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SM at work -- need advice

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SM at work -- need advice

Postby musagi » Sat Sep 06, 2014 5:07 am

Hi everybody,

I need an advice to cope with a particular situation at work, because it affects the way I work / focus and I am getting seriously depressed. It would be great to get concrete advice from people who suffer from selective mustism, but also from people who don't but have some understanding about the condition. In my current surrounding, nobody understands the condition and it is difficult for me to talk about it.

I am currently working in a team in which people are friendly and quite supportive. My boss also knows about it, however he sometimes behaves in a way that shows that he doesn't understand what it is (although he is generally supportive).

I am not able to communicate with my boss at all because the only times I meet him in is in settings that make me uncomfortable. This has affected my performance at work very negatively, though I never got blamed for it. So for the first time in my life, I felt that I was accepted and that I would be able to improve.

The problem is that it's been like this for a few months already (almost half a year). During the first months, my boss and some other people were wupportive and encouraging, but at that time, I didn't manage to respond positively. I noted their efforts ad it helped, but I was never able to communicate this. So I think that people got tired of it, and accepted that I will never talk to them.

The problem is now that that's how they act: they behave as if I will never talk. This means that the door that was once open for me to participate is now closed. I am accepted, but I won't be offered any opportunity to interact, because I have declined all those possibilities in the past. And now that I am a bit more ready to be a part of something, it feels like nobody will let me in any longer, and I will remain excluded anyway.

I have improved to the extent that I will interact if someone gives me the possibility, but not to the extent that I can create the possibility myself. I am not there yet. I have noticed this recently, and this has made me very depressed so that I have almost stopped working, because I am actually too depressed. An example of this is that the whole team went for a drink the other day. I was sitting between my boss and the only person in the team I manage to talk to (that I consider as a friend).

So I talked only to my friend first because it felt safe, waiting until I would be a bit more drunk to talk to other people. At some point, my friend talked to another guy and I couldn't hear their conversation, and then I realised that my boss had turned his back to me to talk to the other guys. So I couldn't join any conversation. So I was sitting alone with my beer, and no one even talked to me for at least 20 minutes. I knew that nobody would try, because now I just became the one who doesn't talk and that's what is expected from me. That made me so sad and I felt so excluded. Everybody was laughing and having fun, and nobody even thought I would want to be a part of it. The worst was that they were talking about my part of the world at some point, and at another time, they were talking about something I had been doing with another guy. But nobody turned towards me to include me, even though they were talking about stuff clearly relating to me. I didn't know what to do, though I really wanted to join. But I left and went back home, because it was so painful.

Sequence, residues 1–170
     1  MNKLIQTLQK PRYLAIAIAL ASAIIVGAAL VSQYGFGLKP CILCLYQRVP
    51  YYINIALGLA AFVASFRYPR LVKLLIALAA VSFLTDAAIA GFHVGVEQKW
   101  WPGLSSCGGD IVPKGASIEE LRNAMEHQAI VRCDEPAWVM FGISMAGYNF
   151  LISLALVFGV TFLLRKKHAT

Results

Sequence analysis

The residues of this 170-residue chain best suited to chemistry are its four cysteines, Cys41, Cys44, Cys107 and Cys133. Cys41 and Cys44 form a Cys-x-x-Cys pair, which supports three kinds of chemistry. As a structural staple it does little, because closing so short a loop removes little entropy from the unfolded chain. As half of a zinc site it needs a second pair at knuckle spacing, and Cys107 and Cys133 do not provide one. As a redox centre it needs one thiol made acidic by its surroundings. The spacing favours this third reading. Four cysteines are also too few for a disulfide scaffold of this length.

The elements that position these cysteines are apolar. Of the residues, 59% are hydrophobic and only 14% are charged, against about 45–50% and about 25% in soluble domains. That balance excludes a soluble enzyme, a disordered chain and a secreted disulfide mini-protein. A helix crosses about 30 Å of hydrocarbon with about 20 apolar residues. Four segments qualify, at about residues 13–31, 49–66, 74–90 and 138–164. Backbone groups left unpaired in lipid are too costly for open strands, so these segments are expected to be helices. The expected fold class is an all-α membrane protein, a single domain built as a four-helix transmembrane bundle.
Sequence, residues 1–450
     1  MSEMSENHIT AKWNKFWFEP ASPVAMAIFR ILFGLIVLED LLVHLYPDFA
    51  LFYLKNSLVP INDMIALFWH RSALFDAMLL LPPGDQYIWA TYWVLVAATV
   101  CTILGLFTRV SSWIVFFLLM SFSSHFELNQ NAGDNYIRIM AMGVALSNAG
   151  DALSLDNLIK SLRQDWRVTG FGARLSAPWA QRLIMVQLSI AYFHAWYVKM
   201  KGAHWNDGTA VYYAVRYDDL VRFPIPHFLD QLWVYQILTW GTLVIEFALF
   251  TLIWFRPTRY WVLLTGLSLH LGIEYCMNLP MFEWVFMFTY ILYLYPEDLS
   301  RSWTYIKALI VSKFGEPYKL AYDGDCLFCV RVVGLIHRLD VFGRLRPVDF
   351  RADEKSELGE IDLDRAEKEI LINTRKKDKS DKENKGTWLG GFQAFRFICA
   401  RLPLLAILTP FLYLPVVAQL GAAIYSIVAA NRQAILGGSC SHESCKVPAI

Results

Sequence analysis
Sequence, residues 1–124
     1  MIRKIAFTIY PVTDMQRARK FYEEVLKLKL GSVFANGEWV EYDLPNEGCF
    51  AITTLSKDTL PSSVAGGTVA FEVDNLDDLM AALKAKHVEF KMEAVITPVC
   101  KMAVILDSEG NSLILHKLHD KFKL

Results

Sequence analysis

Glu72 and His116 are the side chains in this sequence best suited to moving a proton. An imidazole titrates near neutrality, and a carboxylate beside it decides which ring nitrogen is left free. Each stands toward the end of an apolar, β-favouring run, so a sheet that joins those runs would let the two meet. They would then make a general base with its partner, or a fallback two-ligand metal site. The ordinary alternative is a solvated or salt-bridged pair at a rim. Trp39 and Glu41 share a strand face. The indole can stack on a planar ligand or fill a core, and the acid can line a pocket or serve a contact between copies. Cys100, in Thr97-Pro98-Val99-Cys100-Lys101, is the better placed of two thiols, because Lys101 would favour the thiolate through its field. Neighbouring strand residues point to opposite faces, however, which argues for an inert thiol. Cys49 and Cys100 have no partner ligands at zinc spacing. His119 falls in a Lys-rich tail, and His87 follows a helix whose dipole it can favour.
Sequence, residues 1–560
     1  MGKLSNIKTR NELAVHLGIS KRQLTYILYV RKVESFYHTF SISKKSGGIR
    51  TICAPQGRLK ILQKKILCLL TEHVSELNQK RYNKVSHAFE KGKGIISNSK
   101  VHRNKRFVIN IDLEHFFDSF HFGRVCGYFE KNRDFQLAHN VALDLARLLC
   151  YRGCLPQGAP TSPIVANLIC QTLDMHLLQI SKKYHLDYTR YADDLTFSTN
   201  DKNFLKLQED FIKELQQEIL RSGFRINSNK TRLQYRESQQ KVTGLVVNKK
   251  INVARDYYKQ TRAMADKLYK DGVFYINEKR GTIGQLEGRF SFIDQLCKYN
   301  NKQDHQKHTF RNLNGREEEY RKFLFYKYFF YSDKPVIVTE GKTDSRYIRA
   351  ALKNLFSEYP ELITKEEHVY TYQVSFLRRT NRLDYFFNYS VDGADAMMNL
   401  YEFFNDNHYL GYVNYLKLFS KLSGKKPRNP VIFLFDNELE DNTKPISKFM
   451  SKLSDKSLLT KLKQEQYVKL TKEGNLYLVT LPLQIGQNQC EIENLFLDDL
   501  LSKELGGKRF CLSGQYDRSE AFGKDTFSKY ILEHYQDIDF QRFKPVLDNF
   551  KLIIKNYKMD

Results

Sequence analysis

Also, recently I proposed some ideas to my boss by talking to him. This was awkward, but I did it. He said he'd send me some stuff to read and I would also send him some more stuff related to that. So I was pretty happy about that, but when I sent the stuff, he never got back to me and never sent what he said he would. This shouldn't matter, but it's jsut that I made this effort to talk and propose someting, and it took me so much energy and courage, and I got no response at all.

This kind of things has started to happen recently. Still a month ago, I would have been given the opportunity to talk, even though I wouldn't necessarily take it. But it felt safe to know that the possibility was there. And now that I feel a bit safer, all of this is gone and it feels like I'm condemned to stay outside forever. They still invite me to events and stuff, but that doesn't mean that they will talk to me I guess. I will go because I also want to be a part of the team, but now it became harder, and this is due to my own behaviour, I am the one that caused it. So there is nobody else to blame but myself and I don't know how to change this.

Anyway, I was wondering how to get out of this. There are 2 ways: either my situation improves and I can get a lot better, both for my performance at work and my mood. Or I remain stuck in myself, in which case I am not sure that I will be able to continue working at all. I have no idea about how to handle this. And I was wondering if any of this would make sense if I would explain it to them or to my boss, if that would be a good idea or if that would be seen as a spoiled kid complaining to get attention. Basically I would like to explain my behaviour and say that I didn't mean to reject people when they attempted to talk to me in the past, and that I still need to be offered the opportunity to interact even though I might not take it, or even though it might be awkward at the beginning. and I might also want to explain why it is important for me to get replies when I propose an idea (even though I didn't always replied in the past, but now I got better at it). Basically it feels like they have made efforts to help me, but now that the efforts could start paying, they are letting me down and I don't want this to happen, although I understand perfectly that they got bored/tired of it. But I am not sure that they can understand my perspecive.